European Benchmark Indicators

12-07-2006 | Publication

There is a growing need for comparative indicators to measure Member State’s environmental performance. To fulfill this need, MNP has developed the European Benchmark Indicators (EBI) to draw comparisons between Member States. The database is primarily meant for decision makers, but is also useful for the general public and scientists. Measurement of performance in this way, within an enlarged European Union, facilitates the improvement of policy effectiveness in a Member State and stimulates learning from the success of frontrunners.

How to compare environmental performance of EU Member States

Country Perspective

MNP has composed an indicatorset of existing indicators that reflects the environmental performance on different themes and issues within the economic and social setting of a country. Especially within an European Union of 25 there is need for nuance. The environmental performance of countries can be very different because of differences in e.g. demography and economic structure. The user will be able to judge national environmental performance in a better way and within the proper country context. The air quality of the Netherlands is e.g. below average and heavily influenced by, among other things, the high car and population density. Performance judged by the deployment of clean air technology on the other hand gives exactly the opposite result: the Netherlands performs better than average.

MNP’s European Benchmark Indicators (EBI)

The EBI has been divided into two parts. First a socio-economic profile, that should put environmental performance into proper perspective. These indicators reflects e.g. countries’ economic performance, -structure and social characteristics.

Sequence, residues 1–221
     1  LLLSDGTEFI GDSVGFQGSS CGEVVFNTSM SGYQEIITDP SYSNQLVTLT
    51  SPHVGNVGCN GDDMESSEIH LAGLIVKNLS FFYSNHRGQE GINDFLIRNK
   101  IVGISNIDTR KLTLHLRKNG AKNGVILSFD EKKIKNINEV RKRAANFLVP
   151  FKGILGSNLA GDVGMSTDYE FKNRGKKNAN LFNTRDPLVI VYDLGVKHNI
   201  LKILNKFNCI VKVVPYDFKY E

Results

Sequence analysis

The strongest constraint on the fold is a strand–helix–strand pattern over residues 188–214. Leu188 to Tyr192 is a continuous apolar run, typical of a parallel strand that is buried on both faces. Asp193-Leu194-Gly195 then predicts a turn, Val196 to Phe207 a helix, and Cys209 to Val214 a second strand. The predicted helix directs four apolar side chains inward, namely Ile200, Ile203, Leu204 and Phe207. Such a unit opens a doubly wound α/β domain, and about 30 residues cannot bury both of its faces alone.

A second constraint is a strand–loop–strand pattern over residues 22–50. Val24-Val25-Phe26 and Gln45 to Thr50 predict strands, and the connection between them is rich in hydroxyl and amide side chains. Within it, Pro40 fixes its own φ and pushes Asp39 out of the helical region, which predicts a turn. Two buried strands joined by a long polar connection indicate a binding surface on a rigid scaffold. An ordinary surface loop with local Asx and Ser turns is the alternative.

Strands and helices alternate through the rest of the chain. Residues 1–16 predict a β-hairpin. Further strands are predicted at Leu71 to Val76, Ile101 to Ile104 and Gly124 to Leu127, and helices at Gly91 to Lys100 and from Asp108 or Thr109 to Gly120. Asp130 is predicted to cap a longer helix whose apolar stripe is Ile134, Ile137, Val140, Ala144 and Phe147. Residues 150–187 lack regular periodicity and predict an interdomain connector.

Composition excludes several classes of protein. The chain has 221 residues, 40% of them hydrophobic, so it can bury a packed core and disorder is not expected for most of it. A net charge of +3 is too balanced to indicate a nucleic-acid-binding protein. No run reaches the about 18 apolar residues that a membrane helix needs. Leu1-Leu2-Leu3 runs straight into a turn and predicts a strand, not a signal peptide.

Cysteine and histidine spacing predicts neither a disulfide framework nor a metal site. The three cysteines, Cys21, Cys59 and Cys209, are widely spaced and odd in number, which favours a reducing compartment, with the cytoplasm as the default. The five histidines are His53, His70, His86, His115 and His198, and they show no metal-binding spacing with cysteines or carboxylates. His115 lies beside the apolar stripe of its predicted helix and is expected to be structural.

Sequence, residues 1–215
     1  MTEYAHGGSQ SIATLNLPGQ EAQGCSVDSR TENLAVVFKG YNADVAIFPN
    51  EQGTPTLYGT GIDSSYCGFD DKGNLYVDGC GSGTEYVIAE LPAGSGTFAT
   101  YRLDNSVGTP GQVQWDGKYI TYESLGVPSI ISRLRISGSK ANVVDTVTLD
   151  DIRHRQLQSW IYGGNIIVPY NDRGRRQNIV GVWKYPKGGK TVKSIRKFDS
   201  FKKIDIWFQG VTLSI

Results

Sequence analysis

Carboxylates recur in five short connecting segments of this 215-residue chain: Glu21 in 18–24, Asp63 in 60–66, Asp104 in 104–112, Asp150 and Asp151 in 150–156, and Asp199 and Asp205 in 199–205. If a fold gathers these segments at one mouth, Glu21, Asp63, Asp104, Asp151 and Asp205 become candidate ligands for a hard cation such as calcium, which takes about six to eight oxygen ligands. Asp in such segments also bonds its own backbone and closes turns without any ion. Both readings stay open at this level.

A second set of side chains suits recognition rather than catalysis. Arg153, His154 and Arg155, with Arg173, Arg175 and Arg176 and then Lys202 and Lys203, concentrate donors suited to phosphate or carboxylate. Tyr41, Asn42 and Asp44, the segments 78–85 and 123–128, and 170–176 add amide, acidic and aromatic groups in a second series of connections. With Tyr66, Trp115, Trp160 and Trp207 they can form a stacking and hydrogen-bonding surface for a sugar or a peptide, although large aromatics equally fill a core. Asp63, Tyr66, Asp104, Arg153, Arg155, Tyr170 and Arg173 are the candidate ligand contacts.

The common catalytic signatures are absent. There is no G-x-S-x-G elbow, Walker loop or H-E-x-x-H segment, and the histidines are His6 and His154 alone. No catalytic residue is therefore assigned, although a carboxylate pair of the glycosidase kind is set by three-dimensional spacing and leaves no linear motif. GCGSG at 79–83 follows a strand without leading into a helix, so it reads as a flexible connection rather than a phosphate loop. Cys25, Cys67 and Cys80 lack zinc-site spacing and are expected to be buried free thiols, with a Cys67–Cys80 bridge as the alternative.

Second, an environmental profile, that has been based on the OECD Pressure-State-Respons (PSR) framework. Within themes as Air Quality and Climate Change, performance is measured on the basis of environmental pressures, -technology, -quality and progress towards International Commitments. The individual indicator scores are not aggregated to a composite index as this is an area of methodological controversy.

The MNP indicatorset is a product of a quite pragmatic method of working and finds its rationale in the creation of a collection of “environmental policy stories”.

Other working methods

There have been several initiatives to develop a single indicator or index to measure the environmental situation in a given country. Examples are the Environmental Performance Index (EPI) of Yale & Columbia University; the Ecological Footprint (EF) by Wackernagel & Rees or the Living Planet Index (LPI) by the World Wildlife Fund.

Such composite indicators have the advantage that they provide an overall ranking of a country but also have quite a few disadvantages. For example, the Dutch score in the 2006 EPI ranking, 27th on a global scale, is heavily influenced by choice of the EPI indicators. Indicators as “nature area size” favour countries, like Finland, with large areas of nature and low population density or level of urbanization. The Netherlands with a high population density and urbanization and small nature areas score very low.

In the latest “State and Outlook 2005” report the EEA presents so called “Country Scorecards”. In essence, a status-, progress- and distance-to-target indicatorset on the basis of 9 environmental themes and as such fairly comparable to our EBI approach. However the social and economic setting in which the environmental performance of a country occurs is absent. Considering this to be an essential perspective, we have included it in our EBI approach.